Porta Yaquiris, 290 before the Fall of Bosparan
“We should have been there, at their side. They were our comrades. We let them down and now they are dead!” Cavalry Prefect Aradnus’ voice was a deep rumble, full of anger and desperation.
“And still the Lion Worshipers have not tired of spilling our blood. It is only a matter of time before they come at us again. We need a tactic that will work against them.” Centurion Maga Cirania was practical to her core and always looked to the future. Only her unyielding grip on her walking staff gave any hint to the emotions that burned within her. I remained silent, even though I knew they were waiting for me to respond.
Two months ago, I was still assigned to the Divine Field Commander. For 36 years, my role as a priest was to serve on the battlefield with the legions. I had been deep in meditation over the nature of our god when my brothers and sisters mustered and marched off to the Battle of Bloodhills. What happened next is well known. It didn’t settle the question of which deity—Rahandra or Shinxir— deserved to be worshiped as the god of war, but given the results, it might as well have. The servants of the Lion Goddess had betrayed us, their comrades, and won. Of the many champions of Shinxir who fought that day, none survived.
I could not accept that these men and women had gone to their doom without me, but no matter how long I meditated or how many hours I devoted to practice with my weapons, I could not compensate for my injured left leg. The answer was plain for all to see—Shinxir called me to serve, but he did not call me to battle. Even so, he was still my god, my supreme commander. Whatever he asked of me, I would do gladly. And so I stayed with the legion.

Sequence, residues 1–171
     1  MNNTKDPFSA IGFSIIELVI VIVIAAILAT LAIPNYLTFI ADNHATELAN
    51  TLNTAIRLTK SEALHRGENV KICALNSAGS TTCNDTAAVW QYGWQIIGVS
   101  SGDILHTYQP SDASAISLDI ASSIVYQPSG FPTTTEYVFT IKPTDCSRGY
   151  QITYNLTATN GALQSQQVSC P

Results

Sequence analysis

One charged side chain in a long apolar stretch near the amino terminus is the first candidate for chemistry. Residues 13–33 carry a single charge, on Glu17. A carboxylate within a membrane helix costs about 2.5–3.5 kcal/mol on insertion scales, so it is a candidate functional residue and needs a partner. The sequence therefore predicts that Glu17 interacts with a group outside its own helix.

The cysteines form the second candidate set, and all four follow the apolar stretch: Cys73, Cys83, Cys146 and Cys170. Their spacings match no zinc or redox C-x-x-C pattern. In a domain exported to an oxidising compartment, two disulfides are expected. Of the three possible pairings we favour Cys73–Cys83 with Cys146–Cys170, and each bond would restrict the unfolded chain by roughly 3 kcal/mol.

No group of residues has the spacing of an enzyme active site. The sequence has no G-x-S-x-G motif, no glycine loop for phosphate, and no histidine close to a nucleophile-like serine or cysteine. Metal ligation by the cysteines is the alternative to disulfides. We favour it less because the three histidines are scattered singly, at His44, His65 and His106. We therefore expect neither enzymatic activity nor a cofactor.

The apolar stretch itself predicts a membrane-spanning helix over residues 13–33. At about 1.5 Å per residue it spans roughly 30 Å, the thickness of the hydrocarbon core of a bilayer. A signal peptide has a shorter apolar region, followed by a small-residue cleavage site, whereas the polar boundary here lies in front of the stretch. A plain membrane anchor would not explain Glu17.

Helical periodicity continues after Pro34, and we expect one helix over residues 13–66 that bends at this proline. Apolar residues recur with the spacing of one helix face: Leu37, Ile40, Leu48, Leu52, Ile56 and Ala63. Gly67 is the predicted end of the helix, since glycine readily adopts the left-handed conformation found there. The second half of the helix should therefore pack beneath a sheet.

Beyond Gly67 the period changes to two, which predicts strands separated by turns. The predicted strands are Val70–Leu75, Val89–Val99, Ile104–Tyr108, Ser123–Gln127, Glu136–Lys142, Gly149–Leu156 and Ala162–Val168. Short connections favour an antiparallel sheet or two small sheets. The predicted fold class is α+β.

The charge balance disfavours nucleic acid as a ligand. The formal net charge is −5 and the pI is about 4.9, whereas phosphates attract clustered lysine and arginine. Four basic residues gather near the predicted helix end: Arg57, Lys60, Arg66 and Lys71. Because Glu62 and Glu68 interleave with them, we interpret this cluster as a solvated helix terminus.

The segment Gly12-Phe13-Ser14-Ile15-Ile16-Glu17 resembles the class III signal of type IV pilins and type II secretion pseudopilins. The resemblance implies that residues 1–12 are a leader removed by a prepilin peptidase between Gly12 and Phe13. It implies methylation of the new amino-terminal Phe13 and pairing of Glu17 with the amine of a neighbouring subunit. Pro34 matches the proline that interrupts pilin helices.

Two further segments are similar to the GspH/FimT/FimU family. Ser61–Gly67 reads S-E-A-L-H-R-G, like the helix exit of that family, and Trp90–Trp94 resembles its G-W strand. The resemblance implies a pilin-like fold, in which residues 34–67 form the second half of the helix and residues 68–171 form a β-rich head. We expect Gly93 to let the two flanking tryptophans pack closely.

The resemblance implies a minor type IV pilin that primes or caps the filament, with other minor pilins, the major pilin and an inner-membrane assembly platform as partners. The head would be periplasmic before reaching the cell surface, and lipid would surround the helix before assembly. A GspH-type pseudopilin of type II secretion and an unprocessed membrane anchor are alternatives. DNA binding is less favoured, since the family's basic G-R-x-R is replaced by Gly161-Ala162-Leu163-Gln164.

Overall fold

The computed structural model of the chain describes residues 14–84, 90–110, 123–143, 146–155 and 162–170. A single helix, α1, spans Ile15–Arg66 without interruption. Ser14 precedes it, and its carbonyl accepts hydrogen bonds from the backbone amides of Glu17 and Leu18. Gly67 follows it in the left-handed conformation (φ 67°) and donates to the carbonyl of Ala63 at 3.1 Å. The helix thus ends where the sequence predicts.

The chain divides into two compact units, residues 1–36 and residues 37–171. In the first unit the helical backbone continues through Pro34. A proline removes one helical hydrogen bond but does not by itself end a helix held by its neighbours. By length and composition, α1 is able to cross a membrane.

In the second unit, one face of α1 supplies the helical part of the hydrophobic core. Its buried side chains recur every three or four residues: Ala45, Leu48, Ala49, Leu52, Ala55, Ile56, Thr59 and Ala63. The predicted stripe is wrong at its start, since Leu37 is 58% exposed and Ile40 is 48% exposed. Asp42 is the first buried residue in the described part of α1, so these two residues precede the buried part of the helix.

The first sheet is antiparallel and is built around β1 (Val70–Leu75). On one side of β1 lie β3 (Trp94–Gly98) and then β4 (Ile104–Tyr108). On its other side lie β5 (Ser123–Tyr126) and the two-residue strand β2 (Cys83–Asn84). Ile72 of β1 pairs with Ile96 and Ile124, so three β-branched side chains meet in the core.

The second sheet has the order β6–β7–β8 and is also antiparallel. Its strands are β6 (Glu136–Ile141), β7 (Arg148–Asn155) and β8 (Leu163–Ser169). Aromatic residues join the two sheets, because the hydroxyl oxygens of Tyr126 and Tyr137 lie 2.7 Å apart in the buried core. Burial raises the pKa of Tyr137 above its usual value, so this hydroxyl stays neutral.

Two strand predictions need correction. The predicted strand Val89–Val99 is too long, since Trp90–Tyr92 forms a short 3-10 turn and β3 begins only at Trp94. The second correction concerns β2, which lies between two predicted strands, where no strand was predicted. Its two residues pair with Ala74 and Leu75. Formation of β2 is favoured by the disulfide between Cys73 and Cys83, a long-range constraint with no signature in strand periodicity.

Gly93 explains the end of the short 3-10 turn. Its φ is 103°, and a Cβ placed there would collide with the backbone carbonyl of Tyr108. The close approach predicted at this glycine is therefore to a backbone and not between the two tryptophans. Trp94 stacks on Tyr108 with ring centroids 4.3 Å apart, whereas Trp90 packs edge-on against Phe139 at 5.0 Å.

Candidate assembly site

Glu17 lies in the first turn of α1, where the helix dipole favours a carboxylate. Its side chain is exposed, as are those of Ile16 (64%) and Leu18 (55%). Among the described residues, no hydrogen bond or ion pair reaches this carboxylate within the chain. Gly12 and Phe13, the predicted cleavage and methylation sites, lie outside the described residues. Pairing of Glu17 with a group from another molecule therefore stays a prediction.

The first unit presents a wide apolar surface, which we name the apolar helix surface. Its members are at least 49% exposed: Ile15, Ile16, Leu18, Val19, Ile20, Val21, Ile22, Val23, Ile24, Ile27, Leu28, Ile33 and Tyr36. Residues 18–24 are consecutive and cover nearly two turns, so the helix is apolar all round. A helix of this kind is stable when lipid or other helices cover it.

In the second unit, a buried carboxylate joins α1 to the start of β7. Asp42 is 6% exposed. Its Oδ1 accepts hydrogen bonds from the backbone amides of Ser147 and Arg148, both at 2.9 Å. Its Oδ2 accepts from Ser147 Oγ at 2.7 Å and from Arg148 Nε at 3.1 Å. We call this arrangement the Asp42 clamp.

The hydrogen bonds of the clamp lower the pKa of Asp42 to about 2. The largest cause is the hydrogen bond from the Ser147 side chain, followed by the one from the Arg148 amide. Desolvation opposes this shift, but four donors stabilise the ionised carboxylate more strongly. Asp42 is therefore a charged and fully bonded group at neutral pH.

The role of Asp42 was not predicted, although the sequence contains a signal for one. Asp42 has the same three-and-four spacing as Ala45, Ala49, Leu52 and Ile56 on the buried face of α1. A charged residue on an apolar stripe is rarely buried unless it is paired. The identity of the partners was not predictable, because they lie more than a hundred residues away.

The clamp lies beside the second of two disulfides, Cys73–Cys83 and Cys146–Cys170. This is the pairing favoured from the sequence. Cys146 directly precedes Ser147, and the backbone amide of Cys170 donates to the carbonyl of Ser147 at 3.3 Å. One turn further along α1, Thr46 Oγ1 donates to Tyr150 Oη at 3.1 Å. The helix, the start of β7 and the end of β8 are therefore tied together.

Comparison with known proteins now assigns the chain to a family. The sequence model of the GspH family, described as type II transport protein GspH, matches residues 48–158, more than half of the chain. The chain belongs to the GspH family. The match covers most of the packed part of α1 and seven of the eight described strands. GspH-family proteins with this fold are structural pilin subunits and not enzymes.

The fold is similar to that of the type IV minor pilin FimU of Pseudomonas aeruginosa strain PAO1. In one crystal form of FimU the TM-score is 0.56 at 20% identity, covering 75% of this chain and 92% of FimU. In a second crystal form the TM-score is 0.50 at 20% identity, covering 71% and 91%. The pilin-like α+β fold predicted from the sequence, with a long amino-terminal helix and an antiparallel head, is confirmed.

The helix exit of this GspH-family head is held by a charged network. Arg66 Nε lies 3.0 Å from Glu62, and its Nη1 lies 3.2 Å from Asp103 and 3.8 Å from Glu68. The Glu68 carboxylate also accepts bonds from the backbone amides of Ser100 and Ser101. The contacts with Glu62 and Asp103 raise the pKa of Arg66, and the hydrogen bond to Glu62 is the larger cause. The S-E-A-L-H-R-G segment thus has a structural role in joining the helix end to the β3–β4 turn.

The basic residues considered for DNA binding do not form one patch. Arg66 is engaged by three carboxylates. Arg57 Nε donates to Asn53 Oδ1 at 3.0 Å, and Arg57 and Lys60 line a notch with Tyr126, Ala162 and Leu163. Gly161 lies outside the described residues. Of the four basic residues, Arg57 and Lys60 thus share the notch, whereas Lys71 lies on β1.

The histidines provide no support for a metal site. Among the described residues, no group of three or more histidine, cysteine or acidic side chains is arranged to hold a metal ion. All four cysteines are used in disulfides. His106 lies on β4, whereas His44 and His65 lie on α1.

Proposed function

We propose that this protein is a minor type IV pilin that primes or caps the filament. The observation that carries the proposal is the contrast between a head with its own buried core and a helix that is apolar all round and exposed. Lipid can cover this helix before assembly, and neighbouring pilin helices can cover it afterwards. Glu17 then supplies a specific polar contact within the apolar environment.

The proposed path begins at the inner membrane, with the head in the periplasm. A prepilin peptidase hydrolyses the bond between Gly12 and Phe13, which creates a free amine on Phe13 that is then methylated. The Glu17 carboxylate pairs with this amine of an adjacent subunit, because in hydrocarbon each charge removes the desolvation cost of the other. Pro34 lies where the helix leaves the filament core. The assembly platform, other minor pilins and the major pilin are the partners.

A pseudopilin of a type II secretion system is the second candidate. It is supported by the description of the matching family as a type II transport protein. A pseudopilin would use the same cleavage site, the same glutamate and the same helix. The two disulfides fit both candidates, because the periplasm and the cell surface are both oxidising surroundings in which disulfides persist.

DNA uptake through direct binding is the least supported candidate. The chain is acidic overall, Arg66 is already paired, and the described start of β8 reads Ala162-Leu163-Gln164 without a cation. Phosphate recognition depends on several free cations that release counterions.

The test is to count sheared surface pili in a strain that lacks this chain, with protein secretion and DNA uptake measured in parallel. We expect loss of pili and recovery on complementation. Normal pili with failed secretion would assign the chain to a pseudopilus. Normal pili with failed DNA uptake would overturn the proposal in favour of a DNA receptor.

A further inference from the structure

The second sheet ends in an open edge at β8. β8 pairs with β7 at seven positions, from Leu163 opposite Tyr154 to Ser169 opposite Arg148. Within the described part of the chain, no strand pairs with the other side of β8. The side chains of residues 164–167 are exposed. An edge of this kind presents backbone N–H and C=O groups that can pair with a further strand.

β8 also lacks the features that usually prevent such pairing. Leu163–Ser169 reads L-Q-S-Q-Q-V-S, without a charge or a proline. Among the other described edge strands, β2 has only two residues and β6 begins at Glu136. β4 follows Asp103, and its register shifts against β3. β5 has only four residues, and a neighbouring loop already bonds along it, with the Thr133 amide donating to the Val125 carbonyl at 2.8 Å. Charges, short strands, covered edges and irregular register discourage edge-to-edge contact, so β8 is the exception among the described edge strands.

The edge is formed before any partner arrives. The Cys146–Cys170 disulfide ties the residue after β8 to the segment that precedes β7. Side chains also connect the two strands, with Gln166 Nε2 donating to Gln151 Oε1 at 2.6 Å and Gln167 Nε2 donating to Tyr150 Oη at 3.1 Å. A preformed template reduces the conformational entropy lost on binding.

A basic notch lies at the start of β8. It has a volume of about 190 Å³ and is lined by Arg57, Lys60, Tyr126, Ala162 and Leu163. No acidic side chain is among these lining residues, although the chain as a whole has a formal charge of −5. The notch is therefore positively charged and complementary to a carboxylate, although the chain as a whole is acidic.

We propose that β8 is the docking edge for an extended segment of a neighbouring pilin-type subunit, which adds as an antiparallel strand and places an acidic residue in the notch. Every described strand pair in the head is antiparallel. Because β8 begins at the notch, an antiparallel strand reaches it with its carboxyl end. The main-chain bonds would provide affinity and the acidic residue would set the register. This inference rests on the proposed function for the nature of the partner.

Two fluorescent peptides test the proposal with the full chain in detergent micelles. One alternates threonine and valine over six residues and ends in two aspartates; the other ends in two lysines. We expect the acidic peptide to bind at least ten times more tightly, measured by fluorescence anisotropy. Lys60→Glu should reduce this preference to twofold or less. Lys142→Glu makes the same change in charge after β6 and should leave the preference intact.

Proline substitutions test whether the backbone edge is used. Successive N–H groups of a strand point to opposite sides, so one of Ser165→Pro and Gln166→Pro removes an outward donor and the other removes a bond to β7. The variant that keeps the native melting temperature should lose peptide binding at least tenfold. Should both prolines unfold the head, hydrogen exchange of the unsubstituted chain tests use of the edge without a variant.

Rahandra has reigned as the true goddess of war ever since. After the Battle of Bloodhills, fear began to spread through the tents. It was only a matter of time before belief in Shinxir would be proscribed, his priests executed, and his believers cast from society. Officers and soldiers alike learned quickly to keep their heads down. They adapted to the new order and swore allegiance to Rahandra (or at least to the belief that this really was the will of the gods).
And so it came to pass that the three of us were sitting in my tent instead of in the officers’ mess, questions hanging unspoken in the air between us.
Aradnus and Cirania were more than good officers. They were my friends, and both would have given their lives for me without hesitation. They showed me consideration with their silence. Instead, they focused their anger on the servants of Rahandra and the officers, who were suddenly avoiding them. Yet they longed for answers. Should they have found a way to carry me into battle? Should they gather those who were still loyal to Shinxir and attack the servants of the Lioness, and by so doing, seek their own deaths as well? Was that Shinxir’s will?
For most of my life, and especially these past few months, I had asked these questions of myself and my god. I meditated for hours, until the black and golden squares of the board filled my mind, pushing everything else aside. Twelve times twelve squares, black and gold like a hornet, orderly like a legion’s camp. The game requires tactics, planned moves, and quick countermoves against the unexpected strikes of the opponent. System and tactics, discipline and order, camaraderie and companionship.
Even now my gaze remained fixed on the board that sat on the table, flanked by Aradnus’ and Ciranias’ goblets. I had not put it aside for more than a year.
Twelve times twelve squares, twelve pieces for each player. Alone, a single piece is of little importance. Only together do they have meaning—just like a legion. To win, one need only employ them in the right way, systematically and prudently. When strengthened by its companions at just the right moment, an otherwise worthless piece can win the battle.
Shinxir is no hot-headed warrior who throws himself heedlessly into battle. He is a field commander who plans well in advance and does not send his reserves to the slaughter. And he is my god.
“By the way, I am keeping my fastest horse ready for you, in case they try to arrest you.” Aradnus’ words derailed my thoughts. He clapped my shoulder encouragingly, forcing my gaze from the black and golden squares. It would have to be a very good horse, I thought. As Prefect of the Cavalry he was very demanding, so of course it would be a strong animal. However, I did not need it.